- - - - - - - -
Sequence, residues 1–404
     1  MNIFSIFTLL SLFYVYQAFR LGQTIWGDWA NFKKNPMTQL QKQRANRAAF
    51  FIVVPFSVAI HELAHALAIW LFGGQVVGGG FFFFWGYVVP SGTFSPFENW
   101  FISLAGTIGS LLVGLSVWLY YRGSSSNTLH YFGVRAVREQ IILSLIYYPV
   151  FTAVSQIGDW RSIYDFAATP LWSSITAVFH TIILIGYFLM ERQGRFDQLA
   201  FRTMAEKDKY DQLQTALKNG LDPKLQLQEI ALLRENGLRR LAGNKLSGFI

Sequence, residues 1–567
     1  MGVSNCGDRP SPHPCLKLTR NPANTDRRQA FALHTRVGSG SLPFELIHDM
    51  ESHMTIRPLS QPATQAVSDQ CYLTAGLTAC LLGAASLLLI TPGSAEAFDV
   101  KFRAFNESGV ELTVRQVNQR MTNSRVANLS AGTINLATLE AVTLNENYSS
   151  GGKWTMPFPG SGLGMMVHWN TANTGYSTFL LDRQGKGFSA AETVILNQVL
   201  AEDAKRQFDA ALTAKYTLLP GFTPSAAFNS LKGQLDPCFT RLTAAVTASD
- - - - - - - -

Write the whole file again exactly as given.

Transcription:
Sequence, residues 1–404
     1  MNIFSIFTLL SLFYVYQAFR LGQTIWGDWA NFKKNPMTQL QKQRANRAAF
    51  FIVVPFSVAI HELAHALAIW LFGGQVVGGG FFFFWGYVVP SGTFSPFENW
   101  FISLAGTIGS LLVGLSVWLY YRGSSSNTLH YFGVRAVREQ IILSLIYYPV
   151  FTAVSQIGDW RSIYDFAATP LWSSITAVFH TIILIGYFLM ERQGRFDQLA
   201  FRTMAEKDKY DQLQTALKNG LDPKLQLQEI ALLRENGLRR LAGNKLSGFI

Sequence, residues 1–567
     1  MGVSNCGDRP SPHPCLKLTR NPANTDRRQA FALHTRVGSG SLPFELIHDM
    51  ESHMTIRPLS QPATQAVSDQ CYLTAGLTAC LLGAASLLLI TPGSAEAFDV
   101  KFRAFNESGV ELTVRQVNQR MTNSRVANLS AGTINLATLE AVTLNENYSS
   151  GGKWTMPFPG SGLGMMVHWN TANTGYSTFL LDRQGKGFSA AETVILNQVL
   201  AEDAKRQFDA ALTAKYTLLP GFTPSAAFNS LKGQLDPCFT RLTAAVTASD